4.1 Chemical Properties
Most sample preparations involve the use of organic-aqueous and acid-base extraction
techniques.  Therefore it is very helpful to understand the solubility and pKa of the analytes. Solubility in different organic or aqueous solvents determines the best composition of the sample solvent. pKa determines the pH in which the analyte will exist as a neutral or ionic species.  This information will facilitate an efficient sample extraction scheme and determine the optimum pH in mobile phase to achieve good separations.

4.2 Potential Degradation Products
Subjecting the API or drug product to common stress conditions provides insight into the stability of the analytes under different conditions.  The common stress conditions include acidic pH, basic pH, neutral pH, different temperature and humidity conditions, oxidation, reduction and photo-degradation. These studies help to determine the significant related substances to be used in method development, and to determine the sample solvent that gives the best sample solution stability.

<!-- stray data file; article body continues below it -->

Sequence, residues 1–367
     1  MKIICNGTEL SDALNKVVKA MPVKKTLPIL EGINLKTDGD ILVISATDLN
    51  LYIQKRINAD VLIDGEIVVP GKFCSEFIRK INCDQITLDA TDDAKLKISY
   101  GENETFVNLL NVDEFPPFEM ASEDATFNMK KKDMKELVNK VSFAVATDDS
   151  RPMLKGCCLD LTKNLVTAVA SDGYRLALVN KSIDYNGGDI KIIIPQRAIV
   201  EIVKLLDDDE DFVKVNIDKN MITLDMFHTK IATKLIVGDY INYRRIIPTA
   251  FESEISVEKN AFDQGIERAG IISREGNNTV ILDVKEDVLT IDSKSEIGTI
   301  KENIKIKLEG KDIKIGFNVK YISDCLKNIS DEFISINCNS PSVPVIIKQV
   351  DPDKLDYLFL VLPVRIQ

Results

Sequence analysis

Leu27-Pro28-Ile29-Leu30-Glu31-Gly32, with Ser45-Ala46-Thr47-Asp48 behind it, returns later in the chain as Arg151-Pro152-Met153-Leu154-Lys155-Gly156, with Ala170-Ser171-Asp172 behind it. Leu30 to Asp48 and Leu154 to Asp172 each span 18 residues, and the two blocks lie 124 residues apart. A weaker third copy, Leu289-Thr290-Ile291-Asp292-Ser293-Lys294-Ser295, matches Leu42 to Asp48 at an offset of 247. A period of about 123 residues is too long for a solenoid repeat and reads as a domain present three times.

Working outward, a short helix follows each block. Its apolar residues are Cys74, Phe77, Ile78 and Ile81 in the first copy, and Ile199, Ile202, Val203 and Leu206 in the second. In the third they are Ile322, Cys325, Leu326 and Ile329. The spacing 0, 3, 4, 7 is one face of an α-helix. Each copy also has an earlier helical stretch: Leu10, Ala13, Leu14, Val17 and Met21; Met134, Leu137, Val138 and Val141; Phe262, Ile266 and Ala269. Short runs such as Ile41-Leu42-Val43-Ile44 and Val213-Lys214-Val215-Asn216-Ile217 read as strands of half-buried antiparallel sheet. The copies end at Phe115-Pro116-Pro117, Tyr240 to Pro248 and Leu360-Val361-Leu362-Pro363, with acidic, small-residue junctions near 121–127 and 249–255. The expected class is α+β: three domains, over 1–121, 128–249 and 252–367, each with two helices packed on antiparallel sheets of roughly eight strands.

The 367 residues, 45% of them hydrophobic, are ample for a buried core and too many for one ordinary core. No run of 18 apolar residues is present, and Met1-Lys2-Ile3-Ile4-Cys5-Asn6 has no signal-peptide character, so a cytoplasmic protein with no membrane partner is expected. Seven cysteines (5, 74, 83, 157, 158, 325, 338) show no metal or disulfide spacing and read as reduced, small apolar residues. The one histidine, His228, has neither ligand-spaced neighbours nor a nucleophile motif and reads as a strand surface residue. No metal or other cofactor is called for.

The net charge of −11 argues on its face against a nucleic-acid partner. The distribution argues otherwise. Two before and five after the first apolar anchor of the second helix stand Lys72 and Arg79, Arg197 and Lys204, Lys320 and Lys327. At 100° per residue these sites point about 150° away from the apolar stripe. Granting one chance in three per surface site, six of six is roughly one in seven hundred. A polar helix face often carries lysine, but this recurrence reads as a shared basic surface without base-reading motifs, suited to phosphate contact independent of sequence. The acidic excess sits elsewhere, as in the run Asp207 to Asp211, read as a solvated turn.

In addition, the structures of the analytes will indicate the potential active sites for degradation. Knowledge from basic organic chemistry will help to predict the reactivity of the functional groups. For example, some excipients are known to contain trace level of peroxide impurities. If the analyte is susceptible to oxidation, these peroxide impurities could possibly produce significant degradation products.

4.3 Sample Matrix
Physical (e.g., solubility) and chemical (e.g., UV activity, stability, pH effect) properties of the sample matrix will help to design an appropriate sample preparation scheme.  For example, Hydroxypropyl Methylcellulose (HPMC) is known to absorb water to form a very viscous solution, therefore it is essential to use mostly organic solvents in sample preparation.

Continue ....... Part II